Some common scenarios are described below; with the understanding there may be overlap.
Table 2:Types of Death by Organ System

System Issues

Signs and Symptoms

Respiratory Failure

Dyspnea, hypoxia, accessory muscle use, tachypnea

Hepatic Failure

Jaundice, abdominal distension, peripheral edema, bleeding, encephalopathy

Cardiac Failure

Pulmonary and peripheral edema, cardiac arrhythmias

Renal Failure

Oliguria or anuria, encephalopathy, cardiac arrhythmias, pulmonary edema, electrolyte derangements, acidosis

Neurologic Failure

Seizures, muscle spasticity, apnea, lack of brain stem reflexes

Gastrointestinal Failure

Bowel obstruction, nausea, vomiting, inability to tolerate orals

Bone Marrow Failure

Pancytopenia, bleeding, fatigue, shortness of breath, tachycardia

Intensive Care Unit Death

Terminal extubation, discontinuation of vasopressors, withdrawal of treatment

The Respiratory Death
Dyspnea is an uncomfortable awareness of breathing, breathlessness, or distressing shortness of breath. It is often associated with extensive secretions, cough, chest pain, fatigue, and air hunger [8, 22]. Dyspnea can be particularly stressful for both patients and their families. The pathophysiology of endof- life dyspnea involves disturbances in the bronchi, pulmonary congestion, decreased hemoglobin carrying capacity, and ventilation variability as a consequence of neuromuscular disease [22, 23]. Treating the underlying cause of dyspnea is critical to relieving this complex symptom. Oxygen, mechanical ventilation, anxiolytics, and opioids are four strategies with proven efficacy to ease dyspnea at the end-of-life [24]. There are variations of oxygen concentrations and flow rates. High-concentration and high-flow oxygen refers to heated and humidified oxygen with a flow rate up to 60 liters per minute and a maximum of 90% oxygen [25]. Deaths from respiratory failure are often the most difficult to manage at home and many of these patients are better served as inpatients at a hospital or hospice facility.
The Cardiac Death
Remodeling of the myocardium in the form of an end-stage cardiomyopathy may result in fatal arrhythmias, dyspnea, and both pulmonary and peripheral edema. Patients with critical illness and cardiac failure may require hemodynamic support in the form of vasopressors to support organ perfusion. In these cases, initiating or continuing vasopressors may prolong the dying process rather than changing its outcome [27]. In addition to initiation and withdrawal of vasopressors, deactivating pacemakers and defibrillators are common cardiovascularrelated concerns at the end-of-life. Improvements in healthcare and technology have allowed many cardiac conduction support devices to outlive the patients [28]. A patient’s decision to deactivate their pacemaker or defibrillator is a reflection of autonomy and should be respected and honored by the clinician. Contrary to popular thought, there are no established ethical or legal distinctions between deactivating pacemakers versus internal cardiac defibrillators [28]. Many patients and cardiologists feel more comfortable turning off a defibrillator, but less so with deactivating a pacemaker particularly if the patient is pacer dependent.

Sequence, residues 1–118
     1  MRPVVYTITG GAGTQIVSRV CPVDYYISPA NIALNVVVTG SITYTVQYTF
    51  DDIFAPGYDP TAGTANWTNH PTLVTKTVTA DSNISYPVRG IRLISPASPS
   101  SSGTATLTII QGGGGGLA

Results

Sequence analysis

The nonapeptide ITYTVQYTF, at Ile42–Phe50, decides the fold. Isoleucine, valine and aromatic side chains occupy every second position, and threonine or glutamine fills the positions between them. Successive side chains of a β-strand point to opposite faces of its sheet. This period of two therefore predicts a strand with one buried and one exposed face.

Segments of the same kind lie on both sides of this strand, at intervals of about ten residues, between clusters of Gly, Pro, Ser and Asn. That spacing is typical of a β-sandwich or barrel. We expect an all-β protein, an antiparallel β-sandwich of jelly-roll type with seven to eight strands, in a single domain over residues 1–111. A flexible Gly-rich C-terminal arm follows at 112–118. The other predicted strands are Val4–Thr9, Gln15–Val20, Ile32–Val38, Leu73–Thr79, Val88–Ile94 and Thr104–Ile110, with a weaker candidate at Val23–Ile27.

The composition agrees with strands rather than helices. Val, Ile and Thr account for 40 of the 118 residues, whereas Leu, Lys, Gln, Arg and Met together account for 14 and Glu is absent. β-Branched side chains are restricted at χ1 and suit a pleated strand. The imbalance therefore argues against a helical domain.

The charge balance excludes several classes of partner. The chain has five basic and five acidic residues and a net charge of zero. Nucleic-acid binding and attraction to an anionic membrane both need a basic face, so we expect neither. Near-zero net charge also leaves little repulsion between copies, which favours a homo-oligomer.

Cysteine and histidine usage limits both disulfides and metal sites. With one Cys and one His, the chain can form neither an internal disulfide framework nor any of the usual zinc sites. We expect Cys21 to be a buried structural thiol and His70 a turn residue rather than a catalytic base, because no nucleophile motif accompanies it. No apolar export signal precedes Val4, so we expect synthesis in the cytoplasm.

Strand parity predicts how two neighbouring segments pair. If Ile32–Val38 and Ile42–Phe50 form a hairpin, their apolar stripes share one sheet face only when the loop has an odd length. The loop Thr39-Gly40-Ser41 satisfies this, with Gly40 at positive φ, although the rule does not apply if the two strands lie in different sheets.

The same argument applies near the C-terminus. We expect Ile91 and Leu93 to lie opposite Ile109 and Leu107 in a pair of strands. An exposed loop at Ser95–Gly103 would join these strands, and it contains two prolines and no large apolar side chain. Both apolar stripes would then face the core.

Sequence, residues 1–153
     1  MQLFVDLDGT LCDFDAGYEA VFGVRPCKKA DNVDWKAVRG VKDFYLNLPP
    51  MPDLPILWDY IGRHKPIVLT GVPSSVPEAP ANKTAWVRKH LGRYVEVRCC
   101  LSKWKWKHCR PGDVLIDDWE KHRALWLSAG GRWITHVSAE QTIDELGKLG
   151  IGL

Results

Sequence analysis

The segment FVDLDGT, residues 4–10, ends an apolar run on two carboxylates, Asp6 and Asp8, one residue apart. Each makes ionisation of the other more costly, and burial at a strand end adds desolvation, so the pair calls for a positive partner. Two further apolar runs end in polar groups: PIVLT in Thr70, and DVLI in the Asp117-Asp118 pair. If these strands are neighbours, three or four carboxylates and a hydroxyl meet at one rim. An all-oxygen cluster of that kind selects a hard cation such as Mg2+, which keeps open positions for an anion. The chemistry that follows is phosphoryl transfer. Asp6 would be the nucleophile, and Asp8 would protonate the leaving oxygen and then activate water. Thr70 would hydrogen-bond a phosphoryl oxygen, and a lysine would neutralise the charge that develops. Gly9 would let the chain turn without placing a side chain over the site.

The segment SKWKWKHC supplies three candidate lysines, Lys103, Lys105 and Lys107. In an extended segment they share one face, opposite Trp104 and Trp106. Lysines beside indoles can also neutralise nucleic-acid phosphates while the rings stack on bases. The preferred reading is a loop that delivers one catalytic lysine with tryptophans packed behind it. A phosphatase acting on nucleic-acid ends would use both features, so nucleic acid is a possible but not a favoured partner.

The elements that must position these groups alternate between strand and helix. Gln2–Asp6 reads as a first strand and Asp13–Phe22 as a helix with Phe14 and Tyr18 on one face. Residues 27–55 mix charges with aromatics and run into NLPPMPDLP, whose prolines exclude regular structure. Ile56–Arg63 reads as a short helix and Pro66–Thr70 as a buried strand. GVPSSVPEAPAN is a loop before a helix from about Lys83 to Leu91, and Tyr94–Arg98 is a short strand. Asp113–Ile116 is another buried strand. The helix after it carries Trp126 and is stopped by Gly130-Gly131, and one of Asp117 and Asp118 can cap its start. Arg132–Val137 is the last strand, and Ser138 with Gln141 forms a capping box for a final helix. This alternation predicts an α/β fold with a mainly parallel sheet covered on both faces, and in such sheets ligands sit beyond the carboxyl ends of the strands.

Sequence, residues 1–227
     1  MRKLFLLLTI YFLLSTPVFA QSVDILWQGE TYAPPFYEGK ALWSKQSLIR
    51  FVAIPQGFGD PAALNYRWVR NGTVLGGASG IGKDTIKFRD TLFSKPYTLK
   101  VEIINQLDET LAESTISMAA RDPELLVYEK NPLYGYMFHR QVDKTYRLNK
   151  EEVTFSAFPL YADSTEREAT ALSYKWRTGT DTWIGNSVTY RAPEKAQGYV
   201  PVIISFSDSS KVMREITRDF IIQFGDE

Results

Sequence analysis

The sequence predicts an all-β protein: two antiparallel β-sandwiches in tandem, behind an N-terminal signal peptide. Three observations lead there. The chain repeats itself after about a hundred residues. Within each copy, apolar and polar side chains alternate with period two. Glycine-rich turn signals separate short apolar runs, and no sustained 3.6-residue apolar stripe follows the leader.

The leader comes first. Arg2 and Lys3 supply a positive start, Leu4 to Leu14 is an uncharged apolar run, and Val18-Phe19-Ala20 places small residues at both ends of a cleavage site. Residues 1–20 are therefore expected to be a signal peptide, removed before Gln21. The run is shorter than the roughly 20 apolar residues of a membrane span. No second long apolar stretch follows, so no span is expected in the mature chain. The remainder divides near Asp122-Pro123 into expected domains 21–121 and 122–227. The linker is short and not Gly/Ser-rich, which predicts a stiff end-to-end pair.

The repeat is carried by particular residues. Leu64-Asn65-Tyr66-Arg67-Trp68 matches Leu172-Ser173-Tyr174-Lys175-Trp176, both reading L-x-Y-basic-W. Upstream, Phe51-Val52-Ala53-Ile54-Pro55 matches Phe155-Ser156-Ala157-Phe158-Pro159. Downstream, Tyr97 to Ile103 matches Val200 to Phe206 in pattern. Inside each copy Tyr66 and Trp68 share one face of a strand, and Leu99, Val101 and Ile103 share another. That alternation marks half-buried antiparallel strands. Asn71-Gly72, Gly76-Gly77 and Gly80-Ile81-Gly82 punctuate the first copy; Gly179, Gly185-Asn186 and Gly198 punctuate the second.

The Neurologic Death
Brain Death
The term and definition of ‘brain death’ was offered by Henry Beecher and refers to the irreversible loss of all brain function [1968). The idea of brain death by neurologic criteria and its concordance or discordance with death of a human being is a point of contention [30]. The American Academy of Neurology defines clinical brain death as apnea and the lack of brain stem reflexes in the absence of complicating medical conditions, intoxication, or poisoning [31]. The continuation of artificial life-sustaining treatments in patients who are brain dead may have detrimental consequences for patients and families [32]; how long do these treatments continue, when, and how, are they withdrawn? In the United States, all 50 states acknowledge neurological criteria for determining death as a matter of law. However, there is state to state variation in the interpretation of the law [33].
Corticosteroids in Neurologic Death
Most patients with primary or metastatic brain tumors at endof- life will be on dexamethasone to reduce intracranial edema and alleviate symptoms. It is preferred over other corticosteroids due to its low index of water and sodium retention as well as its long biologic half-life which potentiates its anti-inflammatory properties [34, 35]. Dexamethasone decreases vasogenic edema surrounding brain tumors making it preferred compared with other corticosteroids. These anti-edema effects are due to reduced permeability of tumor capillaries [36-38] as well as the disruption of the inflammatory pathway through the inhibition of nuclear factor kappa-light-chain-enhancer of activated B cells (NF-kB) [35, 39-40]. One option to be offered to patients and families at very end-of-life is the abrupt withdrawal of corticosteroids which may hasten death due to brain swelling as well as precipitate an adrenal crisis [34, 41].